If you’ve landed on this page, you probably already know that the lovable Beagle is an irresistible pet. But these merry little hounds with the shoe-button eyes and melodious bark weren’t bred to be just the perfect companion hound.
Here, five dog experts, past and present, explain the original working function of the breed and how proper construction helps Beagles do what they were originally bred to do.
1. “Whether it is trailing a rabbit or hare, sniffing its way around the show ring, or simply being a lovable family companion, the Beagle retains the cheerful yet workmanlike character that has made it popular for centuries. The breed was originally bred to accompany hunters on foot, who might spend all day hunting a single hare. This called for a dog with a good nose, persistence and stamina, but not necessarily speed.” —Kim Campbell Thornton
2. “As a foot hound it was also popular, of course, with those who could not ride to the hunt. To enjoy the pleasures of hunting on horseback with a pack of foxhounds, it has always been necessary to be both rich and, above all, fit and healthy. But Beagles appealed to a wider audience. To quote a countryman of the Georgian period: ‘Hunting with the Beagle was admirably adapted for ladies and gentlemen up in years.’ ” —Desmond Morris
3. “At the turn of the 20th century, they were all one Beagle. The people who were importing them from England were using them for both hunting and field trials, as well as showing them. Gradually, however, the conformation beaglers for the most part stopped field trialing their dogs and concentrated on the show ring. The large majority of field-trial beaglers don’t show their hounds, so they’ve become two separate worlds. …
“When they’re in the field, they almost seem to float over the ground. Balance is really the key. You can have all the perfect parts, but if they don’t hang together then the complete picture just doesn’t work.” —Richard Roth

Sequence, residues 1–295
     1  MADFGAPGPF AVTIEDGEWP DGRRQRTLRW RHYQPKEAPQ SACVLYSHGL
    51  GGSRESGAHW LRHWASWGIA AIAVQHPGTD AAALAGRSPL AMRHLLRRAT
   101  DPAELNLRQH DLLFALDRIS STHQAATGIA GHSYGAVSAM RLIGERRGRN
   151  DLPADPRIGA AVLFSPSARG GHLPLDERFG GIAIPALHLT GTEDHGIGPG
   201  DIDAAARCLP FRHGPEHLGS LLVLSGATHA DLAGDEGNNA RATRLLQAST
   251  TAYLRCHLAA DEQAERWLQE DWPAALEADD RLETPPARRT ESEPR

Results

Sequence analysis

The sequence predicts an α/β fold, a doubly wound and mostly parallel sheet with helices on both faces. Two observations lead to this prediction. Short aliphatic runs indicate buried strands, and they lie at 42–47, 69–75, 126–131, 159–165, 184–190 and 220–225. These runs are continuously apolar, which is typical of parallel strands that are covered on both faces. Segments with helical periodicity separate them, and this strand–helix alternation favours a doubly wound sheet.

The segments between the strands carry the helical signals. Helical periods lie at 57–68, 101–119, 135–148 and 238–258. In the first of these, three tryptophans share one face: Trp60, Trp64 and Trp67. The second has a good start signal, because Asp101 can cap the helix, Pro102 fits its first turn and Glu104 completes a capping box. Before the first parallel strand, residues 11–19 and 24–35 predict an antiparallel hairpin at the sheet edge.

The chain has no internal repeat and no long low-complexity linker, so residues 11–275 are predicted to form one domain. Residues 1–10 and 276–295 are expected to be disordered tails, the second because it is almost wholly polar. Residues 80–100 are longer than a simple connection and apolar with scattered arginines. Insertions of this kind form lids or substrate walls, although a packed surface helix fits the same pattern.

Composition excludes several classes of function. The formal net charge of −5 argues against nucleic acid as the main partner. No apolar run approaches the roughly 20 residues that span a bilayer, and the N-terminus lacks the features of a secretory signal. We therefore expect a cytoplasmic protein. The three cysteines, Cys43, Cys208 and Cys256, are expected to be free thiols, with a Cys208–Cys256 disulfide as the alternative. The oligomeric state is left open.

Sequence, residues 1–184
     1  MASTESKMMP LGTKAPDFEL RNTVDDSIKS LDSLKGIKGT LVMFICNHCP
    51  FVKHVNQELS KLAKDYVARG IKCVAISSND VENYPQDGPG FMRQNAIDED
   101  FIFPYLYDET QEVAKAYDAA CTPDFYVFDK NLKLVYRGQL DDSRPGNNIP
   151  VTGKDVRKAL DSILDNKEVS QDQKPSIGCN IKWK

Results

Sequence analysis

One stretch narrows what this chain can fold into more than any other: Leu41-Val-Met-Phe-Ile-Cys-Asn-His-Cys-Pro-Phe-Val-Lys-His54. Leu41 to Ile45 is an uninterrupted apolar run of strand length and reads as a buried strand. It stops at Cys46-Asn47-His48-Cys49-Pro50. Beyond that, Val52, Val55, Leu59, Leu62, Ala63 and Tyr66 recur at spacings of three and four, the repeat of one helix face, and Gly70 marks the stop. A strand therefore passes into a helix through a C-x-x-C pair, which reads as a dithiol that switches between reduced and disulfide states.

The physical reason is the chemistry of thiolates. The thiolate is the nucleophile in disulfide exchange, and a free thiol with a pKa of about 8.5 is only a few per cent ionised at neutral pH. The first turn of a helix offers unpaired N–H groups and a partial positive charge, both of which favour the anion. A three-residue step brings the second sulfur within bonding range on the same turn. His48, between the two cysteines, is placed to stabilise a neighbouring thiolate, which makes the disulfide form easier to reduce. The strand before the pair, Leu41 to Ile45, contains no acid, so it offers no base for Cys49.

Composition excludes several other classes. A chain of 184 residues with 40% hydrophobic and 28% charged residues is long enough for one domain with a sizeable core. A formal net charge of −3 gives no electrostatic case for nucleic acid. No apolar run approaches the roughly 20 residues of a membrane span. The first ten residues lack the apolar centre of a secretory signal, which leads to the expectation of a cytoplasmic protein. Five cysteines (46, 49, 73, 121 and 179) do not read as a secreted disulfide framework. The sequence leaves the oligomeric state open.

4. “For a long time, most show people didn’t take their Beagles to the field, so they weren’t taking into consideration things you can’t judge in a show ring: the real desire to hunt, a good nose, being able to tell when a rabbit has turned and being able to follow that line accurately. I think more people are doing both, which is helping the breed.” —Mandy Bobbit
5. “We need to do a better job of educating judges as to the original intention of this breed. If a dog with an ultrashort back has straight shoulders and a straight rear, he could never last all day in the field. We should be thinking about having a good sloping shoulder, good upper arm, and a driving rear. That’s something I think we really need to emphasize.” —Sharon Clark
6. “In whatever area it is performing, a Beagle’s most important characteristic is balance. They should have nice proportion and a pretty head, especially a very soft, pretty face. They should be squarely built, with level toplines, nice straight fronts, and well-angulated hindquarters. In addition, a top show Beagle should have attitude and carry itself with confidence. He must project himself well, he must be a pretty looking dog and he must look proud of himself. And he should move very smoothly and be ever alert.” —Anna Katherine Nicholas
Now that we’ve got the word picture, let’s take a look at a brace of field Beagles in action: